Shelters in a Storm

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University studies yield insights into windproofing homes. Research shows wind damage can be reduced by paying more attention to selection and connection of walls, windows, doors and roof decking.

October 01, 2001

 

 
“One step ahead of both the market

and other builders so we can establish

tomorrow’s trends.”

--Chuck Ellison, Miller and Smith, McLean, Va.

Clemson University researchers are looking for answers blowin’ in the wind — engineering answers to the costly and often tragic problem of wind-wrecked homes. What they find could change how home builders work, or at least what is expected in their work.

The South Carolina university is well-equipped for the mission with 70-plus years of faculty field experience and the Wind Load Test Facility, one of the largest of its kind, featuring specialized instrumentation to measure not only wind effects and loads but also the structural capacity of buildings.

“Our equipment allows us to do what nobody else has done, to literally dissect the effects of a windstorm,” says Tim Reinhold, a Clemson civil engineering professor and one of the program’s lead researchers. The next step is getting those findings to builders and developers, city planners and inspectors, and, of course, homeowners.

One ongoing project now in its second year involves 20 retrofitted homes in South Florida, where researchers want to learn more about the impact of hurricanes on property. The monitored homes have not yet been in the path of a storm severe enough to yield new insights, but instruments are in place to measure wind speed, direction and pressure, and computers will collect and interpret data for each home when a big storm hits.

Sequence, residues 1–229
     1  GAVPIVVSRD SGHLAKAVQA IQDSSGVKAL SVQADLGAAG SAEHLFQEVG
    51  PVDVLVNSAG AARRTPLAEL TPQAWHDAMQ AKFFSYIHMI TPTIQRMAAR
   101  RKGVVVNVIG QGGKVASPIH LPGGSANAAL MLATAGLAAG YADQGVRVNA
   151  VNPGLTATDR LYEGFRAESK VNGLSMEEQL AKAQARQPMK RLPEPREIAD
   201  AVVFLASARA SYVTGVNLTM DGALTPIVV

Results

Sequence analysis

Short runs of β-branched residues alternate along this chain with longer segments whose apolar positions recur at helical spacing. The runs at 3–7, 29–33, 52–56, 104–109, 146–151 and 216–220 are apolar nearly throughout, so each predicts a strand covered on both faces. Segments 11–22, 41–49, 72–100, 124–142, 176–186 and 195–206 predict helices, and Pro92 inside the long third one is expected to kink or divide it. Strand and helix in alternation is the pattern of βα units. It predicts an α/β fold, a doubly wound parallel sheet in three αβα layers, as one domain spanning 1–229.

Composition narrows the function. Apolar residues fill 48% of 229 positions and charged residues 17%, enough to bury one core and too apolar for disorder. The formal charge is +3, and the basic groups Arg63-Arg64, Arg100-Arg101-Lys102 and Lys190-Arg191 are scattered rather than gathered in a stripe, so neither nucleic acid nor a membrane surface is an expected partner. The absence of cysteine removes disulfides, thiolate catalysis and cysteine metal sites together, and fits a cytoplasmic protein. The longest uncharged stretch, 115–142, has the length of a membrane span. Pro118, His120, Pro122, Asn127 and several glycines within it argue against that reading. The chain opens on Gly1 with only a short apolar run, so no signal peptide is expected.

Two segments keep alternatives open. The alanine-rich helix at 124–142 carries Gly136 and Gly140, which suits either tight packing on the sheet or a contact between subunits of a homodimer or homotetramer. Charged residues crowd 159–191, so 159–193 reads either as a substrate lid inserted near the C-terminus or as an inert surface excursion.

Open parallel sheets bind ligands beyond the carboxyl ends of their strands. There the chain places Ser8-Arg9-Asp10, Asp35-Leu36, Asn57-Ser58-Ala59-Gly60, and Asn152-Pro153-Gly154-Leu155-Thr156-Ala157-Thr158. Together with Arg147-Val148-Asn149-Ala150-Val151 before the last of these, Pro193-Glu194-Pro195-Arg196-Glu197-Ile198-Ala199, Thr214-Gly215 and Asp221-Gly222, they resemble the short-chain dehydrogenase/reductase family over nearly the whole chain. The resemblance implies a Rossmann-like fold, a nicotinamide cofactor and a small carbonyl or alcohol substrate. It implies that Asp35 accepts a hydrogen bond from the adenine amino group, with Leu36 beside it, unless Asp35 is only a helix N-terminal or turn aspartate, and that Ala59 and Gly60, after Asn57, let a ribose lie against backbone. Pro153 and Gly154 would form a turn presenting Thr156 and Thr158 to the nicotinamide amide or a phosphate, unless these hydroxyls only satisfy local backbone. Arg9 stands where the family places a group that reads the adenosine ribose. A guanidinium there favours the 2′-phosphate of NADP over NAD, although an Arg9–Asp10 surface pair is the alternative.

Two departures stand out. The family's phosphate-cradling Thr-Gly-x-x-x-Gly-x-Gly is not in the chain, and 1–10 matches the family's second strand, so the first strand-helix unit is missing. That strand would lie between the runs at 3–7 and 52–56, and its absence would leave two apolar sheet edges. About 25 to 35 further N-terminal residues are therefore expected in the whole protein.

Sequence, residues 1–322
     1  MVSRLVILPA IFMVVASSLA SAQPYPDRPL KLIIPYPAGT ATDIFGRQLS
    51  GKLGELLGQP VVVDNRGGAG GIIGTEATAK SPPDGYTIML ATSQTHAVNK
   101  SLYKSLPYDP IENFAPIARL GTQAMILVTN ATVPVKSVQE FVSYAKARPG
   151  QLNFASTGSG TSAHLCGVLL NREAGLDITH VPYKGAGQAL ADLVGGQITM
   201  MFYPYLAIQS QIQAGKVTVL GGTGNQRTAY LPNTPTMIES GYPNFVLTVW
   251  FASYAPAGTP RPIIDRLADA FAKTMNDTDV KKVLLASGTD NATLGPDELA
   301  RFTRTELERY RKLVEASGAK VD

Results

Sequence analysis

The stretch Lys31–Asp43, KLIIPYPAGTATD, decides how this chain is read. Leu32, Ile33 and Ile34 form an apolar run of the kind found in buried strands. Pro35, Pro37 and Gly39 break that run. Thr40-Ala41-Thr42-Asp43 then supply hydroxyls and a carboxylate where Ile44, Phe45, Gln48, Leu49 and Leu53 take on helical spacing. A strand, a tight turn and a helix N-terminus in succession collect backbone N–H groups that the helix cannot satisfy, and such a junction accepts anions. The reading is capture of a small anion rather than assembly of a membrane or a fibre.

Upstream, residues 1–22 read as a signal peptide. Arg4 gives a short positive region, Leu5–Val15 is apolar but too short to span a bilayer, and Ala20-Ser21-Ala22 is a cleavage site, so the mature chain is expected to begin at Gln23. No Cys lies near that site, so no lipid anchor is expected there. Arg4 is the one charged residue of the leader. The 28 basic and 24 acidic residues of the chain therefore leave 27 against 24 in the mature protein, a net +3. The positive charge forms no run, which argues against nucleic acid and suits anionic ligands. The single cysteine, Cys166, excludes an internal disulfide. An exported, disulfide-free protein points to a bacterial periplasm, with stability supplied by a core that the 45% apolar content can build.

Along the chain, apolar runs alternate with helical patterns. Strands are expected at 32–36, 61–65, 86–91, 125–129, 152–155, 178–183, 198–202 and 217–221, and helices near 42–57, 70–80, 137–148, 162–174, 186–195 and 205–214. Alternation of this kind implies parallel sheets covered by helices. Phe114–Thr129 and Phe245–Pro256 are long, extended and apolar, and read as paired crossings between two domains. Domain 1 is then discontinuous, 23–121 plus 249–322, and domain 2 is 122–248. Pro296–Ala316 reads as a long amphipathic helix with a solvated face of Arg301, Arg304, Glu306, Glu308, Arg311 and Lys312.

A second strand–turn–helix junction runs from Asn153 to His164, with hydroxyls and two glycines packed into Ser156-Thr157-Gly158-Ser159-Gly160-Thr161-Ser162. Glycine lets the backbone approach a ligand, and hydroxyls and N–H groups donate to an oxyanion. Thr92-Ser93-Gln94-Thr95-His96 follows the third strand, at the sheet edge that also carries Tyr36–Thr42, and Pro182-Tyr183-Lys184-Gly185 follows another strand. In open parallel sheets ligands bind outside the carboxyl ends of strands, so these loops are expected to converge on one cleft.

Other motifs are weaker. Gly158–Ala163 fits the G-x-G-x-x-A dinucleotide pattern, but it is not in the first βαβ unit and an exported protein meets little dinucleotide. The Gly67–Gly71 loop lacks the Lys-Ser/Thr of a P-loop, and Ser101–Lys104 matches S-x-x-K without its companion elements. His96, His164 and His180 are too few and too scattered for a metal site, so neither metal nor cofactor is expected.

Previous Clemson research shows that high-wind damage to homes and other low-rise structures such as schools can be significantly reduced with attention to the selection and connection of walls, windows, doors and roof decking.

Many builders have viewed roofs, windows and doors as architectural detailing, but the importance of protecting a home’s exterior “skin” is critical, says Clemson associate professor Scott Schiff.

“For the most part, it’s components such as roofs and windows that get people in trouble, not the frame of the building,” Clemson re-searcher Peter Sparks says.

If a home loses even one small piece of sheathing, for example, losses can approach nearly the full value of the house because of rain damage to the interior and contents.

No surprise, then, that partners in Clemson’s wind engineering efforts have included insurance companies, which shared loss data from wind-related events, as well as the NAHB, the Institute for Business & Home Safety and the National Roofing Contractors Association.

With 2000 census figures showing that 75% of the U.S. population lives within 50 miles of a coast, many homeowners know all too well which way the wind blows. With Clemson’s studies, builders might become better prepared to save what it has been flowing away.

 

Hurricane Straps and Clips

IBHS inspectors verify that a fortified home has hurricane straps, clips and other hardware that connect the roof to the walls. Estimated cost: No incremental cost
  Doors and Windows

A fortified home contains doors, windows, skylights and patio doors that are impact- and pressure-resistant.

Estimated cost: Doors — $2,000 for impact-resistant, $1,300 for shutters; Windows, skylights, patio doors — $3,700 with shutters, $10,000 with impact-resistant glass.
  Foundation

In a fortified home, inspectors verify that all walls are adequately anchored to the foundation. Connecting exterior structures, such as carports and porches, are securely attached to the main structure and foundation.

Estimated cost: No incremental cost
  Garage Doors and Tracks

In a fortified home, garage doors comply with the highest standard for impact-resistant materials. These doors include heavy reinforced ribs and tracks to withstand high winds and debris.

Estimate cost: $1,300
 
  Roofing

A fortified home has thicker plywood deck fastened to the truss or rafters with longer nails; roof deck joints sealed with waterproof adhesive strips; and wind-resistant roof covering that is certified for use in hurricane regions and has a Class A fire rating.

Estimated cost: $7,665


Source: Institute for Business & Home Safety

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